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WHAT YOU NEED TO KNOW:
What is exercise-induced bronchoconstriction (EIB)?
EIB is a temporary inflammation and narrowing of your airways. EIB may also be called exercise-induced asthma. EIB occurs during strenuous exercise, or develops 5 to 10 minutes after. Irritants such as pollution, allergens, or cold, dry air may trigger an EIB attack. Your risk of EIB is increased if you have asthma. You may still have EIB even if you do not have asthma.
What are the signs and symptoms of EIB?
You may wheeze, cough, have chest pain, tightness, or shortness of breath during or after you exercise. You may also feel out of shape when you exercise, even though you are in good physical condition.
How is EIB diagnosed?
Lung function tests will be done to measure the airflow in your lungs and show how deeply you can breathe. Your healthcare provider may test your lungs before and after you exercise. You may be given medicine to trigger an EIB attack. Your healthcare provider will test your lungs before and after you take the medicine.
How is EIB treated?
Medicines help decrease inflammation, open airways, and make it easier to breathe. You may use an inhaler to take these medicines. Your healthcare provider will tell you the kind of inhaler to use and show you how to use it. Short-acting medicine is taken 15 minutes before you exercise, or when you have symptoms. Long-acting medicine is taken daily to help prevent an exercise-induced attack. You may also need medicine to control allergies that trigger your symptoms.
How can I help prevent EIB episodes?
- Avoid known triggers , such as dust or pollen.
- Choose exercise that requires only short bursts of intense breathing, if possible. Examples include volleyball, gymnastics, baseball, wrestling, or sprinting. Exercise that requires intense breathing for long periods is more likely to trigger EIB.
- Warm up before you exercise. Do moderate exercise, such as brisk walking, for 10 minutes before you do strenuous exercise.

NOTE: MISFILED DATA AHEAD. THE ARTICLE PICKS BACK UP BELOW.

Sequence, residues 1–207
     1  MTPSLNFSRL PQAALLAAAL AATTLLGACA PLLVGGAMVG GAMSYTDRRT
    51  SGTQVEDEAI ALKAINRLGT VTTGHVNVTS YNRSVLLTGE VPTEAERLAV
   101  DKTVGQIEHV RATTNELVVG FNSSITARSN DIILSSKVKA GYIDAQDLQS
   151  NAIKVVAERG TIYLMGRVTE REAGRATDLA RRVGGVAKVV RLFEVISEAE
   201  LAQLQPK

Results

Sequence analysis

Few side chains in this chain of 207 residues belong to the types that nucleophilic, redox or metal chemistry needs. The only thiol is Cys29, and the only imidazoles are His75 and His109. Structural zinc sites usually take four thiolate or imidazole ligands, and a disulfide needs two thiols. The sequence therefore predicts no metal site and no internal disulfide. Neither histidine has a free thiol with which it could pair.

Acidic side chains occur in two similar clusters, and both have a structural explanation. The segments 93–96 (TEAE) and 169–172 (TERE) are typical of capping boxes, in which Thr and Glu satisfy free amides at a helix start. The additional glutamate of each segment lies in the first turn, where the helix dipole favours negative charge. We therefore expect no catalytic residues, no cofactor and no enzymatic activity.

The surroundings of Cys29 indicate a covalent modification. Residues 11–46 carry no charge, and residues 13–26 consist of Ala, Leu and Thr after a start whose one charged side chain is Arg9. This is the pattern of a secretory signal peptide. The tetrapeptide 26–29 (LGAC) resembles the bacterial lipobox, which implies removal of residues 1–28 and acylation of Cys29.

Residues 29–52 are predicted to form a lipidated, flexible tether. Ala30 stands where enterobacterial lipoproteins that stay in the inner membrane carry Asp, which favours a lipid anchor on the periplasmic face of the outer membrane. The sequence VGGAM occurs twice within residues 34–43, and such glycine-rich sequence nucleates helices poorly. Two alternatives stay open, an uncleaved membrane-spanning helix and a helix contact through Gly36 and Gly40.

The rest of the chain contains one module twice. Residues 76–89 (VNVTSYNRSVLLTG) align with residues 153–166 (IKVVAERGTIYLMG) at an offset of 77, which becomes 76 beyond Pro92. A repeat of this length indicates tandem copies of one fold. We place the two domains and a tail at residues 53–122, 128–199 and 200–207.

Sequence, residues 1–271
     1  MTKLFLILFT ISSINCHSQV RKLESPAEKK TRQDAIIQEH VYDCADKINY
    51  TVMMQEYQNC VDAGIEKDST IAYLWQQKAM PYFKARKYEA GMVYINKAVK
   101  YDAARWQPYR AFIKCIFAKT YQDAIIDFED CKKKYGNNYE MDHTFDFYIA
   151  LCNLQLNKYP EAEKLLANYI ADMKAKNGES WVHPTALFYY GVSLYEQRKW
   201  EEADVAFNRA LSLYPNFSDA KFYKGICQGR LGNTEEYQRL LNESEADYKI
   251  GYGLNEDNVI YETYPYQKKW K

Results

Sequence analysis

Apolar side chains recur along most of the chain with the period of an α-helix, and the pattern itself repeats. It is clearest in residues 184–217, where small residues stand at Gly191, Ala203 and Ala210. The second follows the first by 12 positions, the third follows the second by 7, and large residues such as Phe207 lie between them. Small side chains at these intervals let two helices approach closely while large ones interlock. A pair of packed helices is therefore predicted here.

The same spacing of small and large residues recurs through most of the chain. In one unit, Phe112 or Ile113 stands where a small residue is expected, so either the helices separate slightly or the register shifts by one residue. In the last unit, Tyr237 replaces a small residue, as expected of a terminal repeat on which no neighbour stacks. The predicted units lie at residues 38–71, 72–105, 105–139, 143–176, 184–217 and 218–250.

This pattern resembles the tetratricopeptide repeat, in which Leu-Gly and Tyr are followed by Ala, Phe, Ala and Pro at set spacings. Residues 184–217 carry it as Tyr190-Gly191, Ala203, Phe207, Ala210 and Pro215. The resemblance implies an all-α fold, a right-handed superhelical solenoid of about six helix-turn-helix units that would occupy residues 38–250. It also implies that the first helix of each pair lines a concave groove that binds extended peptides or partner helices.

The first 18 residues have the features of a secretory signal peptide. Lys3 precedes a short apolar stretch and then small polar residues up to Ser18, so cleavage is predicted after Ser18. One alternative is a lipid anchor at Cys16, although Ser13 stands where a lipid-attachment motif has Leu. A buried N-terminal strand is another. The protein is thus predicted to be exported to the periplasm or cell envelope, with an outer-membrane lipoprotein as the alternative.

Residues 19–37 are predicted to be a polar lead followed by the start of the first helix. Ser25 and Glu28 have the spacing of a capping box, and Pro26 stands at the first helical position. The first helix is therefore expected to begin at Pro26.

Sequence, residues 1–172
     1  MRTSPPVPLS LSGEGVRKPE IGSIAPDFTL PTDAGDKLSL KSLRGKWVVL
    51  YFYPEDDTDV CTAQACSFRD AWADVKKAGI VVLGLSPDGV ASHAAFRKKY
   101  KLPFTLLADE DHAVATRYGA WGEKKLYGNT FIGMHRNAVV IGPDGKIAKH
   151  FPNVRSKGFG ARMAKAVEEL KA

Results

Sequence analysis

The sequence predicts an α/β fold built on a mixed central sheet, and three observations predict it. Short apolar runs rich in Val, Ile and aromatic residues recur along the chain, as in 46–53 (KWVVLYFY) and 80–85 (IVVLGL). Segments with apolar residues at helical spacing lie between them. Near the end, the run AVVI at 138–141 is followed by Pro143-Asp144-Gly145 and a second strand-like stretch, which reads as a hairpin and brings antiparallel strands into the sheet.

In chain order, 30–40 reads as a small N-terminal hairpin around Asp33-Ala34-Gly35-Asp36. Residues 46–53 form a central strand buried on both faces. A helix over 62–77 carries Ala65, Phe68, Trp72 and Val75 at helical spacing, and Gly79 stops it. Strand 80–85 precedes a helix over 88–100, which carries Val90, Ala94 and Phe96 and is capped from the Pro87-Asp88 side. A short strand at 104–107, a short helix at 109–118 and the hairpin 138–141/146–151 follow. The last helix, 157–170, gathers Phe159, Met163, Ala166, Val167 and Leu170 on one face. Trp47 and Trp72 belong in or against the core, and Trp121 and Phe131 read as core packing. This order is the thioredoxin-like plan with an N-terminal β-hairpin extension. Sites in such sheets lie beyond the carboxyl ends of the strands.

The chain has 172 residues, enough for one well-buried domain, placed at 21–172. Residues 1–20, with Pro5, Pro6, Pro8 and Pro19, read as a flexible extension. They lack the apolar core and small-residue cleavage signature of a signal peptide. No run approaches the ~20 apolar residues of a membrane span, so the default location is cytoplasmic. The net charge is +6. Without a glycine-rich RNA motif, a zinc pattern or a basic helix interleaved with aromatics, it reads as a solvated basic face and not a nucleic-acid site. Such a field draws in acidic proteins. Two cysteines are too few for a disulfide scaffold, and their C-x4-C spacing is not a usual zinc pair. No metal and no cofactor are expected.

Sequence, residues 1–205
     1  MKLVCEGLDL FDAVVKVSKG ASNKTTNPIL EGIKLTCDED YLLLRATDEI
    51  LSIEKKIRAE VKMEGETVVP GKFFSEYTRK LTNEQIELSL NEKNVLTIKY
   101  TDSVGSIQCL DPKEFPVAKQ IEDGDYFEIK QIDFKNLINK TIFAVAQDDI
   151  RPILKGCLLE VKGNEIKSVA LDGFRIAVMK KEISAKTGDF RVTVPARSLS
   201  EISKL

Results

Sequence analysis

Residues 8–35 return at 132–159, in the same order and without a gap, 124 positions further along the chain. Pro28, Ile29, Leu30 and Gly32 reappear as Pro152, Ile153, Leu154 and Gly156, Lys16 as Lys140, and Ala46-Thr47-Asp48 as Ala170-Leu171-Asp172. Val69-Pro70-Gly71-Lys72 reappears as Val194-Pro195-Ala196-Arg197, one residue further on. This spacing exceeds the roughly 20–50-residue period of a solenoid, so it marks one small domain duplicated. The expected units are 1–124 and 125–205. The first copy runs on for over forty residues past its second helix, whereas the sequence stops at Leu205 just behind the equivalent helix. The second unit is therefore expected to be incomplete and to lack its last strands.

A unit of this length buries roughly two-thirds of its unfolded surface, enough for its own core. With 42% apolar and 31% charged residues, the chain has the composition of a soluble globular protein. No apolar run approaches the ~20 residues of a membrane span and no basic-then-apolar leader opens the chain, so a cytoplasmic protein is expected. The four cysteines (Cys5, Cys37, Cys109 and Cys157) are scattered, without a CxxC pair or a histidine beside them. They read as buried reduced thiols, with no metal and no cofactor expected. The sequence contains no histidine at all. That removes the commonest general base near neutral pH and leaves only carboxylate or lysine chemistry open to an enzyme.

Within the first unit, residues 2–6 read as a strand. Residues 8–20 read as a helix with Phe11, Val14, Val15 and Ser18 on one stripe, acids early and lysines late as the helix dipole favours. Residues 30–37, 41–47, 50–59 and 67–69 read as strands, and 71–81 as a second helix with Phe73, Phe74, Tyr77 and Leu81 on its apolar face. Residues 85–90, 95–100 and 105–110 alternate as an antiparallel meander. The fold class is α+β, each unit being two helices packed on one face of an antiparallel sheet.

- Wear a mask over your mouth when you exercise in cold weather. This will help warm the air you breathe.
When should I seek immediate care?
- You have severe shortness of breath.
- Your lips or nails are blue or gray.
- The skin around your neck and ribs pulls in when you breathe.
When should I contact my healthcare provider?
- You use short-acting medicine every day, or more frequently than usual.
- Your symptoms get worse.
- You have questions or concerns about your condition or care.
Care AgreementYou have the right to help plan your care. Learn about your health condition and how it may be treated. Discuss treatment options with your caregivers to decide what care you want to receive. You always have the right to refuse treatment. The above information is an educational aid only. It is not intended as medical advice for individual conditions or treatments. Talk to your doctor, nurse or pharmacist before following any medical regimen to see if it is safe and effective for you.
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The above information is an educational aid only. It is not intended as medical advice for individual conditions or treatments. Talk to your doctor, nurse or pharmacist before following any medical regimen to see if it is safe and effective for you.